Will the oil spill make a drop of difference regarding our attitudes?

President Obama has pledged to end America┬┐s dependence on foreign oil and his administration is spending billions on greener energy initiatives. Few issues are considered more urgent by the White House and average Americans than securing affordable and more environmentally friendly energy sources.
By Steven Mufson
Washington Post Staff Writer
Thursday, September 30, 2010

On April 20, as lethal amounts of oil and gas crept into the drill pipe of BP's Macondo well in the Gulf of Mexico, the attention of the energy and environmental world was elsewhere.

The Jefferies investment firm issued a report that recommended buying shares of Halliburton, whose cement job was buckling under the sea floor. Environmental groups were getting ready to celebrate the 40th anniversary of Earth Day. The Obama administration and its Senate allies were planning to unveil a climate proposal alongside corporate leaders, including a top executive from BP.

Then came the Big Spill.

For four months, the geology of the public agenda shifted. The climate proposal was never rolled out. Earth Day's anniversary was the day oil from the Macondo well started gushing into the Gulf of Mexico. President Obama's March push to open areas to offshore drilling gave way to a six-month moratorium on new deep-water exploration wells.

Now that the well is officially dead, what is its legacy? Will the massive spill -- the biggest offshore spill in U.S. history -- make a drop of difference in the long run? Will it change long-term trends in offshore oil drilling, U.S. energy policy or the way consumers use energy?

"For the companies, the regulators and the gulf residents, the spill has had a profound impact on their operations and ways of life. For the broader national population and the political debate, it has had a surprisingly small impact," said Jason Grumet, executive director of the National Commission on Energy Policy, a part of the nonprofit Bipartisan Policy Center. "It is the modesty of the impact on the national energy debate that is in many ways most surprising."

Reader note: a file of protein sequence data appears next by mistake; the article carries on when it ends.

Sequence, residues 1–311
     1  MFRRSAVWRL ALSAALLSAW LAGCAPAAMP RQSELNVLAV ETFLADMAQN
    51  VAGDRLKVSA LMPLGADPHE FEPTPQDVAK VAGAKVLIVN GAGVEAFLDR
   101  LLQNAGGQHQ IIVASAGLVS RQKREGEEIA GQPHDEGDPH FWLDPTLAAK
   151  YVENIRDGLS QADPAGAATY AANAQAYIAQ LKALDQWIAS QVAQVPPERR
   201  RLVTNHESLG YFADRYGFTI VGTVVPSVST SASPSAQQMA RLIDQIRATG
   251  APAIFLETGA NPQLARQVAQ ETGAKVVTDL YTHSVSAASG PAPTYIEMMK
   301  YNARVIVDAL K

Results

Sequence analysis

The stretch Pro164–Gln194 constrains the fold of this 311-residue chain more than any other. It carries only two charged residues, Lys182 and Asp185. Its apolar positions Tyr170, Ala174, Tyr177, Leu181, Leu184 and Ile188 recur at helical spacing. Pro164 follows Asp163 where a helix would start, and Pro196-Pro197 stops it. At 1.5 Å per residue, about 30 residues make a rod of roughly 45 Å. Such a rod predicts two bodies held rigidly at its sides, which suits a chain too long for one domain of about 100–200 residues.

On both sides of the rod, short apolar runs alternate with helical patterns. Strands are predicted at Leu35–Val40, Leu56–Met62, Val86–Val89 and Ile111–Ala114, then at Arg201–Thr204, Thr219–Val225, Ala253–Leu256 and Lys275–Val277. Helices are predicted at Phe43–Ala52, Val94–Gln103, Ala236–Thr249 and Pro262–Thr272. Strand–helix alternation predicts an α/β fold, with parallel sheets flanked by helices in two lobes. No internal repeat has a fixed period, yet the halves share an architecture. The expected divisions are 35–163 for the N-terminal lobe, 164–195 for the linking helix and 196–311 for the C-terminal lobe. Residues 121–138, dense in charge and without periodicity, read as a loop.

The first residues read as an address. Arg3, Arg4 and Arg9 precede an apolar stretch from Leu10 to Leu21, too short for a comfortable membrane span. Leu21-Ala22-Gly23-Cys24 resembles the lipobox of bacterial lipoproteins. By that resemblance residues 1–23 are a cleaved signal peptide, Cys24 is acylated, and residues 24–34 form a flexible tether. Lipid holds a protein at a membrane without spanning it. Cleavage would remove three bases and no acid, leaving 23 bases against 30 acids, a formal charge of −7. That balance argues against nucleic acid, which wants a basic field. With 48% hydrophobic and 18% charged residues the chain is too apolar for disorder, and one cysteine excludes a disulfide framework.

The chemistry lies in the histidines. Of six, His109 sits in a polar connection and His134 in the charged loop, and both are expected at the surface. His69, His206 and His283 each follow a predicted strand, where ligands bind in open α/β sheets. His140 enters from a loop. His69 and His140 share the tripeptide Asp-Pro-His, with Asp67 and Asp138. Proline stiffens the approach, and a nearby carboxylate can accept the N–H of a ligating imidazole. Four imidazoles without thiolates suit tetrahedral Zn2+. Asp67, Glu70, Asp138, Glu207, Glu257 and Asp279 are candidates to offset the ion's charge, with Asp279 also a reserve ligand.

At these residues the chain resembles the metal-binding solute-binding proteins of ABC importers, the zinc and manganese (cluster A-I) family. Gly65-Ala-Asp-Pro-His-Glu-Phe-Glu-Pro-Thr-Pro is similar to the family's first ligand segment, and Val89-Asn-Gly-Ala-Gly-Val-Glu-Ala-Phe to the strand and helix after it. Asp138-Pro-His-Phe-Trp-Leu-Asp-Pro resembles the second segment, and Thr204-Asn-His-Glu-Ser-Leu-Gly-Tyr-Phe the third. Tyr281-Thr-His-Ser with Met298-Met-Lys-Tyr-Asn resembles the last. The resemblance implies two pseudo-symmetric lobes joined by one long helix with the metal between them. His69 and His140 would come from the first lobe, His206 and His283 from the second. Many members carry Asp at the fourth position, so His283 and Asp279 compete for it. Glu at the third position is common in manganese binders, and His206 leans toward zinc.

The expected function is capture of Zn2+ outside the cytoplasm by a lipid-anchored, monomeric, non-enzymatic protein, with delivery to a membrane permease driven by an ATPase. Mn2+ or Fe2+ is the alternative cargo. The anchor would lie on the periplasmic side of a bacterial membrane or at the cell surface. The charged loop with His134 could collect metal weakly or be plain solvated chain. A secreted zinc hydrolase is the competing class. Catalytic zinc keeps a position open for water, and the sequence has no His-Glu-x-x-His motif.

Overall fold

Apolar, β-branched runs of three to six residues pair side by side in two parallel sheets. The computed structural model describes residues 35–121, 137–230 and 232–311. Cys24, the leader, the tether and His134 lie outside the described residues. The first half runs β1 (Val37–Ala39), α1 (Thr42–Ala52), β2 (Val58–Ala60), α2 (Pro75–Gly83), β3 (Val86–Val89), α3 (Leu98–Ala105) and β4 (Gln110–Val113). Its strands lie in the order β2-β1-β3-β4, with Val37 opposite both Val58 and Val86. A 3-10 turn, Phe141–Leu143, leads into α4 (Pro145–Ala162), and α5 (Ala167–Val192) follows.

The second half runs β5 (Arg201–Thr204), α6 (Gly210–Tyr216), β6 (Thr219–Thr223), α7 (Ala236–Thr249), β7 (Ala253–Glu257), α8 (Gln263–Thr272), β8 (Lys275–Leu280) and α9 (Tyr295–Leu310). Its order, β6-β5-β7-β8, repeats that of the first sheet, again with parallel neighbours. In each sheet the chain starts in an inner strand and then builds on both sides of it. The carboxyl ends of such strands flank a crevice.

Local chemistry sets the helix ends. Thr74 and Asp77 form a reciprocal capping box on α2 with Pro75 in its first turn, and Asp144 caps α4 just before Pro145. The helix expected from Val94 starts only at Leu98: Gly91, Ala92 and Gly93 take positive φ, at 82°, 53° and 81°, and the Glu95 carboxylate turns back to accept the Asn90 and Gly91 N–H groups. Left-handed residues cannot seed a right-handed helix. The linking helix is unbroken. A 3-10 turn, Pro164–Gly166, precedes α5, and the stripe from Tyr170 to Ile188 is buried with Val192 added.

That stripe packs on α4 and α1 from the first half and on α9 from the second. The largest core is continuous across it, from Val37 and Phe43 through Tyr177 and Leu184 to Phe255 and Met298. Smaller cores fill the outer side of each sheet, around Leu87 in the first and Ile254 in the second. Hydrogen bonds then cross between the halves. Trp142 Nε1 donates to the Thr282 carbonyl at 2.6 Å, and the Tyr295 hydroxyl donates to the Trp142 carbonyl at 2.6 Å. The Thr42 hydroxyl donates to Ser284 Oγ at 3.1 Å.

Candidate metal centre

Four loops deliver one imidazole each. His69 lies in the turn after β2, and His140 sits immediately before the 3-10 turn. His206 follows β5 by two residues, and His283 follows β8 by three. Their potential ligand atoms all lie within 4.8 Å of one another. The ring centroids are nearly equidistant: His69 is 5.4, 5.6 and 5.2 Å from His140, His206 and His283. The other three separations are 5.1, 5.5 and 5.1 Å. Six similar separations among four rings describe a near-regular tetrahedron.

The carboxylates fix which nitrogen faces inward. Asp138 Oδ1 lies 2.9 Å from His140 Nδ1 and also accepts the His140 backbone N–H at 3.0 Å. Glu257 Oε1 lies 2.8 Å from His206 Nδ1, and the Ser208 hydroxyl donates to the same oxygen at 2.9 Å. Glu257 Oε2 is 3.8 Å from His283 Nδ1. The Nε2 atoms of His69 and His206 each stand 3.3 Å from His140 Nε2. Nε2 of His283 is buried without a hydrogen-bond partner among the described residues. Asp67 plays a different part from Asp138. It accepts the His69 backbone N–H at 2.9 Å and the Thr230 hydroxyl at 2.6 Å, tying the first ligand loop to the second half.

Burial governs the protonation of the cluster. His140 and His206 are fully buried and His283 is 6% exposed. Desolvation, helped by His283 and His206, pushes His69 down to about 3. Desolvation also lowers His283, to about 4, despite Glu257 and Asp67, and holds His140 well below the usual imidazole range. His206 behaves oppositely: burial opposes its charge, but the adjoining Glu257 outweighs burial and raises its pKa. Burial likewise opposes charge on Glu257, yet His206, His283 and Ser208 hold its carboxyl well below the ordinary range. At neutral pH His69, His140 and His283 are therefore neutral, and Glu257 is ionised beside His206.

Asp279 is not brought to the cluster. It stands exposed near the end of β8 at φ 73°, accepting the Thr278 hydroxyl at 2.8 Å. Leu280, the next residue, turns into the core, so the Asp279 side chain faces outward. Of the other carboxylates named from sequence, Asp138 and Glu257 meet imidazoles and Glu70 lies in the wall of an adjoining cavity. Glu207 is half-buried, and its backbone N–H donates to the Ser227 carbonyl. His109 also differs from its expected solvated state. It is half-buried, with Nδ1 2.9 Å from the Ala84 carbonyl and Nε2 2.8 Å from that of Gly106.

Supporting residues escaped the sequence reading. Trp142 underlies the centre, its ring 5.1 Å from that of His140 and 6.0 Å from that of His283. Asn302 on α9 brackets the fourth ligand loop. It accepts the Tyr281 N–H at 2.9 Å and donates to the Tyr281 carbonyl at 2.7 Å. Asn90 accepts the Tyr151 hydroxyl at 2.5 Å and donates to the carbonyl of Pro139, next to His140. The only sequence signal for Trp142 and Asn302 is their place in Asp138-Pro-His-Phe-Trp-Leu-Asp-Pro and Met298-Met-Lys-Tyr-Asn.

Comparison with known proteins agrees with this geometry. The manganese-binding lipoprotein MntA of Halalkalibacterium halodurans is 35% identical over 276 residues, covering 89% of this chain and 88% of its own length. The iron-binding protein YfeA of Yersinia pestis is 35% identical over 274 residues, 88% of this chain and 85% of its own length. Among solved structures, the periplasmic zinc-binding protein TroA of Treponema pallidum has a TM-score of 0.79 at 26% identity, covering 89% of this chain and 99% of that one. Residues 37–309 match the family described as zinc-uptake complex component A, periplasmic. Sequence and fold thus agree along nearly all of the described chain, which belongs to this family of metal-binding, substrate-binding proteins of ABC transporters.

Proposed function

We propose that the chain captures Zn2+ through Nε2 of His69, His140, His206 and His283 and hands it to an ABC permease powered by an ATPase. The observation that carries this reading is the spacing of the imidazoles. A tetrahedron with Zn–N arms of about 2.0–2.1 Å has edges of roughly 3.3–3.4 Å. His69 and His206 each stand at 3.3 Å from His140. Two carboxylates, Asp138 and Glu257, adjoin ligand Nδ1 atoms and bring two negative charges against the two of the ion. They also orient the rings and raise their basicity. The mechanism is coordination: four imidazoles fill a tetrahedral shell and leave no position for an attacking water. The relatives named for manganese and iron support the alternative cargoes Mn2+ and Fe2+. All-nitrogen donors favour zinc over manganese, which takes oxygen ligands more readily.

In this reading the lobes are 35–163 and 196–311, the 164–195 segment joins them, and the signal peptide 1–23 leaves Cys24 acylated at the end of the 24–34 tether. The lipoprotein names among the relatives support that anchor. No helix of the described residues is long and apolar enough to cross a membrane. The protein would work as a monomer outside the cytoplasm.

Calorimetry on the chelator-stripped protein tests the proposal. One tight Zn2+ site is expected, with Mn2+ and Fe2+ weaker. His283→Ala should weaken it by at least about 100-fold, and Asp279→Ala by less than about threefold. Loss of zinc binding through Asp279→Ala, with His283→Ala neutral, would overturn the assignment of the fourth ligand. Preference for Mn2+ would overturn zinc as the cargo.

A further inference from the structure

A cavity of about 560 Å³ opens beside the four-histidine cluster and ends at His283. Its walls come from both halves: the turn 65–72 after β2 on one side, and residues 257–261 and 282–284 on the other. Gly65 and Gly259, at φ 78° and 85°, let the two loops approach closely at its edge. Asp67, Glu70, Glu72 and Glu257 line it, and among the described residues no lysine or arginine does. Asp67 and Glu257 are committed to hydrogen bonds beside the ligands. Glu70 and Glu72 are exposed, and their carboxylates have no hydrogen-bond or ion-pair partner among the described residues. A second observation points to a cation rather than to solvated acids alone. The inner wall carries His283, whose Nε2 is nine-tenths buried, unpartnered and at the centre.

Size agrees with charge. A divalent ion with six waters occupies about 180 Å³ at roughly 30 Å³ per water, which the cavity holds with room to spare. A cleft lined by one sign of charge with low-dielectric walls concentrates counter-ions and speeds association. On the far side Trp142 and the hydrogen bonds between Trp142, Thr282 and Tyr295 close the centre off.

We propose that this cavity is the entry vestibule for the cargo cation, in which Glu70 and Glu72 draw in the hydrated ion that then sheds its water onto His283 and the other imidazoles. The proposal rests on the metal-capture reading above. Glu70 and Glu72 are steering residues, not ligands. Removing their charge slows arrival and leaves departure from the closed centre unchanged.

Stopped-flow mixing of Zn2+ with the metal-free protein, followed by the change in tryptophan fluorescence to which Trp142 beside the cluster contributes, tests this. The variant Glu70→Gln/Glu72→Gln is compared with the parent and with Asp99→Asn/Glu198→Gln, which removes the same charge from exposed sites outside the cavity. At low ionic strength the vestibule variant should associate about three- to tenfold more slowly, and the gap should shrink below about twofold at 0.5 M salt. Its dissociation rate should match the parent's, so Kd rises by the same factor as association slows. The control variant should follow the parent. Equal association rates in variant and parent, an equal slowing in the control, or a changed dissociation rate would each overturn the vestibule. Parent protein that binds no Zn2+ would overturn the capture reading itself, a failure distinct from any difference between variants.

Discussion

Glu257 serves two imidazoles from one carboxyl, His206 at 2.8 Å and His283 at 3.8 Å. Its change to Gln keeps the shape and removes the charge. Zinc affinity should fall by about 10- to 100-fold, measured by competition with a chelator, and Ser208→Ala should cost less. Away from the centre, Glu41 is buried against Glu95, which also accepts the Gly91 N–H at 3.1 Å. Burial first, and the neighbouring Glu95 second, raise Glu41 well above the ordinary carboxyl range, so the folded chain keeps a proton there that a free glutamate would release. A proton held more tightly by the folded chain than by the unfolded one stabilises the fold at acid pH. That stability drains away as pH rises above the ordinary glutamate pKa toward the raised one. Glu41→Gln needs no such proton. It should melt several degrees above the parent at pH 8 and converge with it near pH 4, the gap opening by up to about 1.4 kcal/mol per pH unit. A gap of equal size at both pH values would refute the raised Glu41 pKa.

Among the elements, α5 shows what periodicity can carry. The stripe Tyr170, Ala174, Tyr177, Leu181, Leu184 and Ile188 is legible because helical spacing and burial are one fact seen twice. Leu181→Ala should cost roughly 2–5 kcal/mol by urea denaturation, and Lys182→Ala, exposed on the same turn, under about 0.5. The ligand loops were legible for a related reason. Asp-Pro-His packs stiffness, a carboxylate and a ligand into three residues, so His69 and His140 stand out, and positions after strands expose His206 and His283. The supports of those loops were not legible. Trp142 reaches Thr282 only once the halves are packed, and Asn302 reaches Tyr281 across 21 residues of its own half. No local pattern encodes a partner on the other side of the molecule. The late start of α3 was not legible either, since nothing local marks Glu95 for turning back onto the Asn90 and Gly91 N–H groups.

For a time, it seemed that the spill might galvanize lawmakers and consumers. But consumers respond to gasoline prices, which have been unusually stable for the past few months. In the Senate, ironically, a climate compromise unraveled, in part because expanded offshore drilling could no longer be used to woo undecided members. The Senate probably won't even pass a narrow oil spill measure, which has been bogged down in disputes over such issues as liability limits for offshore drilling.

Moreover, Obama is expected to lift his drilling moratorium soon, yielding both to pressure from Gulf Coast lawmakers worried about jobs and to the reality that offshore drilling is needed to meet U.S. oil demands. Chernobyl helped end nuclear plant construction in Europe, but deep-water offshore drilling will continue because that's where the oil is. Now, as the National Oceanic and Atmospheric Administration declares that much of the spill has been devoured by microbes and dissipated, the political impact of the spill could dissipate further.

"As soon as the well was contained, we bounced back to American exceptionalism," said Grumet. It was as though, he said, the nation cried, "We did it!"

"Is it the Twitter consciousness where every 15 seconds we have a new thought?" Grumet wonders. "Is it that the recession has made so many people worried about themselves? Or is it that the impacts were so localized that once the newspapers stopped talking about it, it went away?"

But many experts said that, within the industry, the spill has had lasting consequences, apart from any direct environmental damage.

"I think the spill is a game changer," said William Reilly, co-chairman of the president's oil spill commission tasked with examining policy for offshore drilling in light of what went wrong with the Macondo well. "The industry has never been more alert to safety."

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